brentdaily (colorado): The Cubs and Astros have taken on a high volatility approach to run scoring. Of the 'four' (we could sub-divide further) team philosophies, which do you think is best? Has there been any research done on volatility? Given the importance of sequencing it seems like there needs to be an answer here.
High Vol Run Scoring + Low Vol Run Prevention / High Vol RS + High Vol RP / Low Vol RS + Low Vol RP / Low Vol RS + High Vol RP
Rob Arthur: I haven't seen much research done on volatility, and I think that's because it is a second-order effect, i.e. not terribly important. Which doesn't mean that it's unimportant, just not a major concern.
In terms of the four philosophies you outlined, an important consideration is the skill of the offense/pitching. Bad offenses want to be more volatile; good offenses want to be less volatile, and the same logic applies to the other side of the game. Beyond that, I don't really know which one is best.
I suspect, but have no evidence, that the Cubs and Astros pursued their offensive strategies on the basis of the availability of players, not because volatility is inherently what they were aiming for. The economics of acquiring undervalued players is probably a much more significant concern than the volatility of the offense. But I'd love to be proven wrong on that evidence-less statement.
RelDel (Miami): Is this the year Stephen Strasburg will challenge for a Cy Young award?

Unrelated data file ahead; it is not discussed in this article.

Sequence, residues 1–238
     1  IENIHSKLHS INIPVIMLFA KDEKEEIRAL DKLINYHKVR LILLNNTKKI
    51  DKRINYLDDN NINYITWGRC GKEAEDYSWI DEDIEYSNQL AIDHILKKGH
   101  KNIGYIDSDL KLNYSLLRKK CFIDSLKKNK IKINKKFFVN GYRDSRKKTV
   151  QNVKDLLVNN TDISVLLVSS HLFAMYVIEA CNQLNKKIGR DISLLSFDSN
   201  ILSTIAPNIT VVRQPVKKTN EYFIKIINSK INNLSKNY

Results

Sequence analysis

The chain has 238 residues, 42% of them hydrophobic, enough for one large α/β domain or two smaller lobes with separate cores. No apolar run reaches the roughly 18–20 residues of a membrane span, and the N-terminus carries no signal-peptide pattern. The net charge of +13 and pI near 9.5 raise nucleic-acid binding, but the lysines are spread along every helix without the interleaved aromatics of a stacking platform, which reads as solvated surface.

Rob Arthur: Sure, this year, next year, the year after... as long as he can throw as hard as he can and muster up a few decent secondary pitches, he has a shot at the Cy Young. I have no special knowledge that would predispose me to believe that this year will be any different.
The thing is, he's a really good pitcher. Beyond having that one characteristic, there's no other special talent that allows one to win a Cy Young, besides a healthy dose of luck.
oxpaulo (WV): Everyone seems to be down on Arismendy Alcantara, where do you stand with regards to his future outlook? Thanks.
Rob Arthur: This is rapidly emerging as a theme of the chat, but: people are too quick to dismiss good young players when they don't perform immediately. Alcantara is projected by PECOTA for half a WARP in half a season's worth of at-bats, and I think that's about right. I think he's got a shot at being an average-ish player in the long term (i.e. two or three years from now), despite his sub-replacement level initial campaign.
Julien (Montreal): Hi Rob, I was wondering how and where you created your first graph in your latest article "Building the strike zone
Rob Arthur: Ah, that's easy. R code goes like this:
hit <- subset(test, count=="3-0"&wcount>.2&wcount<.4)
pit <- subset(test, count=="0-2"&wcount>.2&wcount<.4)
#neut <- subset(test, count=="0-0"&wcount>.2&wcount<.4)
png("Effect_of_Count.png", height=1080, width=1920)